SEO myth: a page loses visibility or relevancy if not crawled frequently by the spider

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I often hear SEOs say there is a link between a page’s crawl frequency and its visibility on the SERPs, like a spider request is related to a boost in visibility.

Even if it’s true that websites with high PageRank are crawled by Google more often and deeper, we cannot think there is a correlation with rankings. A resource is only crawled more often by the spider to check if the content has changed.

If a page has had the same content for years, there is no point asking the spider to crawl the page over and over, as the search engines already have the content of the page. If the content of a page changes often, then the spider should crawl the page more often in order to always have the up to date version.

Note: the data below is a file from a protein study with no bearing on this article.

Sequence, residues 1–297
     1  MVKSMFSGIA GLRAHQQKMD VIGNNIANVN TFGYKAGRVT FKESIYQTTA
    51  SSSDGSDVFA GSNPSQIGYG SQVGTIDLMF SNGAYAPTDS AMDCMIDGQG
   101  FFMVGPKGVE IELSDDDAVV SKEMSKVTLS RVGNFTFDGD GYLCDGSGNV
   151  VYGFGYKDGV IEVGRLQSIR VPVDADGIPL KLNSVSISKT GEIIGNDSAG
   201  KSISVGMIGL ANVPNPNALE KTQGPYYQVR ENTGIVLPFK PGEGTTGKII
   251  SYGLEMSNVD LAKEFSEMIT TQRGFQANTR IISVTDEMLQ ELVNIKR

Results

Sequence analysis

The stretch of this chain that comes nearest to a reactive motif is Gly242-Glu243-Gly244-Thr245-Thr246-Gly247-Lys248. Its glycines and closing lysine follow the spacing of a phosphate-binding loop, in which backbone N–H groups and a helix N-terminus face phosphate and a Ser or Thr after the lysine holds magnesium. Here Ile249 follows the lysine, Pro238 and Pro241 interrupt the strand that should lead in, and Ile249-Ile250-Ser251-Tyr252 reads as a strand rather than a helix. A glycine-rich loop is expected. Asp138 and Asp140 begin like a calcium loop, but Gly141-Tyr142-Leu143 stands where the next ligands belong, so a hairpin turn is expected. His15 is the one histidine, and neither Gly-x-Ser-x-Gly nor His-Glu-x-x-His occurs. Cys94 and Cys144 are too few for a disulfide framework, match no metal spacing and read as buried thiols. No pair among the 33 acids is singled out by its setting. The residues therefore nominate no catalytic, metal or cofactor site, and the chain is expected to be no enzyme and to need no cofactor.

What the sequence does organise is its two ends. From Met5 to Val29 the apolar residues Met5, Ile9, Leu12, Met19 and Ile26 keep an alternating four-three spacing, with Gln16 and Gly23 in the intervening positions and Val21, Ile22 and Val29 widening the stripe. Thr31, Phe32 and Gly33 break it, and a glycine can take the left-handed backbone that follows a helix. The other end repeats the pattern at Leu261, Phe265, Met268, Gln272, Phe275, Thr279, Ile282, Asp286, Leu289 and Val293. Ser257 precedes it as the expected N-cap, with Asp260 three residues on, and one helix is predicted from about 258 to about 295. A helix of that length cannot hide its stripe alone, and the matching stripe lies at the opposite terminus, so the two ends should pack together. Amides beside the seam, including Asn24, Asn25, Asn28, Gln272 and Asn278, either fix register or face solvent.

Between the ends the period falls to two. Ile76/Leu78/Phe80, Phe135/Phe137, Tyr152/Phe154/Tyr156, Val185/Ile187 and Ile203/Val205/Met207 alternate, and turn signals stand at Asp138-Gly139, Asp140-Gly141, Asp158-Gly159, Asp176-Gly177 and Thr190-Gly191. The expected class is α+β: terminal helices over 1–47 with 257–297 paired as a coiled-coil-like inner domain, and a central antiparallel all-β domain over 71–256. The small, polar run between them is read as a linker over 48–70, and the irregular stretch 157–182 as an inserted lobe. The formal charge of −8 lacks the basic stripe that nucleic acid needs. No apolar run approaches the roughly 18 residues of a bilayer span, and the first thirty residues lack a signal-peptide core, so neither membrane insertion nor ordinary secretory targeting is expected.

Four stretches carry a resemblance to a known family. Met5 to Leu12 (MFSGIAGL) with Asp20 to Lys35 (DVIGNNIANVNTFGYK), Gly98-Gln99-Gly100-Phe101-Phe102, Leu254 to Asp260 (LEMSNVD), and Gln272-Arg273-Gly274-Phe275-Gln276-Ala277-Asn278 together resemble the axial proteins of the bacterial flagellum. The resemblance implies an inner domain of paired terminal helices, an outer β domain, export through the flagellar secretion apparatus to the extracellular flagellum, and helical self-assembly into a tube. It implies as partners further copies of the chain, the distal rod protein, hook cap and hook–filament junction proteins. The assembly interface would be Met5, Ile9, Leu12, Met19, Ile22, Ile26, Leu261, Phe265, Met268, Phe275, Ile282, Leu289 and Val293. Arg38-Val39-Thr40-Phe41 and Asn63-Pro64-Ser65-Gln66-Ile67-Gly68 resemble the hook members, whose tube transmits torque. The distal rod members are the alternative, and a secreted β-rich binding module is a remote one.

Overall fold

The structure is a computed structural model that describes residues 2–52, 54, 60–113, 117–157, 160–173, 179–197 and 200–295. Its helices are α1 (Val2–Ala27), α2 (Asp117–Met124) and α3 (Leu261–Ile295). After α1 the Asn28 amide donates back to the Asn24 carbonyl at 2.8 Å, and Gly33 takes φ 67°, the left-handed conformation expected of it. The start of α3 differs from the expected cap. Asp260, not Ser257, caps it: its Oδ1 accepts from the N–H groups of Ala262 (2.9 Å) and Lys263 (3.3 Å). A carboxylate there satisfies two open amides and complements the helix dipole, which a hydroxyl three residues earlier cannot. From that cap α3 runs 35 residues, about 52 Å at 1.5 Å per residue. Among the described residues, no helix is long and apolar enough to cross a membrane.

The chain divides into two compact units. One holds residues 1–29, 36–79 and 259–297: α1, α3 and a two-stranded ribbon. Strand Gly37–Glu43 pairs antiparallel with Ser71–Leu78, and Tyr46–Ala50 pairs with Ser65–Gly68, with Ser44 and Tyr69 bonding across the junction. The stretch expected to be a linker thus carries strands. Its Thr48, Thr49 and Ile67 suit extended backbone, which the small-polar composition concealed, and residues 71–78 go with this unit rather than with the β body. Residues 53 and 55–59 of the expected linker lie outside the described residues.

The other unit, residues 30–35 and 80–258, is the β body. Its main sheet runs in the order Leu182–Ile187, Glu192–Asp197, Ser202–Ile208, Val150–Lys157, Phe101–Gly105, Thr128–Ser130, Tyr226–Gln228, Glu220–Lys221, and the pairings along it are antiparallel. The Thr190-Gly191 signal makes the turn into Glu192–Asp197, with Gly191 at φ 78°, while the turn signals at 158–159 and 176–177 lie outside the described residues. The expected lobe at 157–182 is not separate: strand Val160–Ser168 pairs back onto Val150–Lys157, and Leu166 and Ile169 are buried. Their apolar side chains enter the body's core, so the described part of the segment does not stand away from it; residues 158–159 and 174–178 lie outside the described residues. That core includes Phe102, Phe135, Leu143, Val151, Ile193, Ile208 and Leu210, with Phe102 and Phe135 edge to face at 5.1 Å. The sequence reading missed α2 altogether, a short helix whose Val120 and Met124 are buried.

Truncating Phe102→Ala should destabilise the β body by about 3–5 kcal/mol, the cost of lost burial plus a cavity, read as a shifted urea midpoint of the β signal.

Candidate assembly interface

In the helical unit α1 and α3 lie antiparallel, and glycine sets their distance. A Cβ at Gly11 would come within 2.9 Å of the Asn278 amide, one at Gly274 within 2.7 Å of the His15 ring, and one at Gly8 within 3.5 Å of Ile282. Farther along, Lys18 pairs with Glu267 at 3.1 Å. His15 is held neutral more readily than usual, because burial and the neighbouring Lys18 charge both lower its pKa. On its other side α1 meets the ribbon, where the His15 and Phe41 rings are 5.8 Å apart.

Search engines are able to approximately calculate how often a resource changes its content. In this way, the spider can crawl pages that regularly change more often, and pages that don’t less.

Theoretically, webmasters can contribute to the spider’s decisions by creating an XML sitemap, adding the “changefreq” attribute to each page with the frequency the resource changes. This attribute, however, has been overused by webmasters previously, so Google no longer takes it in to consideration as much.

This post is the English translation of a chapter of the italian ebook “Mitologia SEO” written by Enrico Altavilla

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